So, Dad’s local memorial service was this afternoon. We’ll be having a family service in the early summer, when it’s warm enough to spread his ashes out in Cape Cod Bay, where he wanted them. But it was a lovely gathering this afternoon, in the 1834 meeting house that’s home to my UU church. A great mix of local family, neighbors and good friends, on a gorgeous fall day. Here’s what I had to say.
As I sat down last Sunday afternoon to gather my thoughts for this service, I found myself struck by an incredible irony: In the last few years that I’ve been writing a blog about my time caring for my father, I’ve written, literally, thousands of words about the man. But that afternoon, with my laptop open in front of me, I realized I had no clue what I wanted to say.
You see, Dad and I had a complicated relationship. Not an unusual sentiment, I realize, but Dad was married three times, and each of those wives had a husband or two besides him. Just explaining to others how my various half- and step-siblings are related (or not) can require a Powerpoint presentation. So, being the son of a man at the center of such an extended family … tree? …bush? …vine? …is a complicated experience.
But while our relationship had its complications, Dad, himself, was not a complicated man. His view on life was simple: he loved it. Dad simply did not know how to not have a good time. This could be maddening – he was loud, enjoyed his Scotch a bit more than he probably should have, and would never miss an opportunity to flirt with a waitress, make an off-color remark or – if a piano (and player) were present – break out in song. His complicated family may have wanted to slide under the table when he got started, but he was a party on two legs to much of the rest of the world.
That simple joie de vivre stayed with Dad through some really tough times. Through marriages that didn’t work out as he thought they would, and tough business times when orders (and commissions) were few and far between. “Something will come along,” he’d say. “It always does.” And, you know, it almost always did.
Dad was never a religious person, though he loved the drama and ritual celebrated in the Episcopal church in which he was raised. But I came to see in his time on the Cape that holding onto the faith that “something will come along – it always does,” was really Dad’s spiritual practice, along with living his basic principle that life is meant to be lived well and enjoyed with gusto. He maintained those two tenets even when it became clear this past spring that Pleasant Bay Nursing Center, not my little house on Main Street, here in Brewster, would be his new permanent home.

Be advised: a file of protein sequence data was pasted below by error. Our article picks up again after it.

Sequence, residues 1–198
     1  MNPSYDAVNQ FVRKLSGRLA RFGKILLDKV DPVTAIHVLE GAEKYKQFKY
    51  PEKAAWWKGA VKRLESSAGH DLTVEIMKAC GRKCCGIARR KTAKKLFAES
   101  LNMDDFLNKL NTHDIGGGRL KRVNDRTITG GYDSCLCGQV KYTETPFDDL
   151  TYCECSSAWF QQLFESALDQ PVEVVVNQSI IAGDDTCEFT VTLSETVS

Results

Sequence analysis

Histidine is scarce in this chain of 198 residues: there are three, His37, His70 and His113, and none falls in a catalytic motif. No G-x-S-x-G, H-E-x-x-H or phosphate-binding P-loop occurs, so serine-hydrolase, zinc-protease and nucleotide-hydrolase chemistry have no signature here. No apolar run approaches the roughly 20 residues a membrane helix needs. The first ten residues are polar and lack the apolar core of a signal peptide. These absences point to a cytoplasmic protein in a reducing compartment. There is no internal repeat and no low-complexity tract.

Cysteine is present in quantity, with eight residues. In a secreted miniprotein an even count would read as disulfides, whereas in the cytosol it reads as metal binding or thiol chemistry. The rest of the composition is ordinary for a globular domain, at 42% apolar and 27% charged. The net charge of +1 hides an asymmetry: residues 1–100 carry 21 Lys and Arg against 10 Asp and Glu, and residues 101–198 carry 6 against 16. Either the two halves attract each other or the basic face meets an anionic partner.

“Well, here’s where I am,” was his response when I asked how he’d managed to turn his attitude from depression to acceptance over the two or three days it took him to absorb that difficult reality. That conversation took place back in March, and I’ve thought about the sheer grace of Dad’s response – “Here’s where I am.” – almost every day since. Sure, he’d have some down days after that acceptance; but, in general, he stood by his faith – flirting with the nurses, talking trash about the Red Sox with whomever would listen and relishing his cocktail-hour Scotch on the rocks, even if it was sometimes served in a disposable plastic cup.
So, here’s where I am, Dad – standing in a beautiful room, celebrating your life among people who loved you, some who grew to care a great deal about you in a very short period of time. There’s a piano here and someone to play it, and in just a few minutes we’ll all be joining in on one of your favorite tunes. And, after almost 700 words, I’ve finally figured out what I wanted to say today – I love you, and thank you for helping me see both the work and the value of loving life wherever I am living it. I only hope I can continue this practice with at least a portion of your humor and grace, no matter how embarrassing it may be to the complicated family around me.
Amen, Namaste, Blessed be.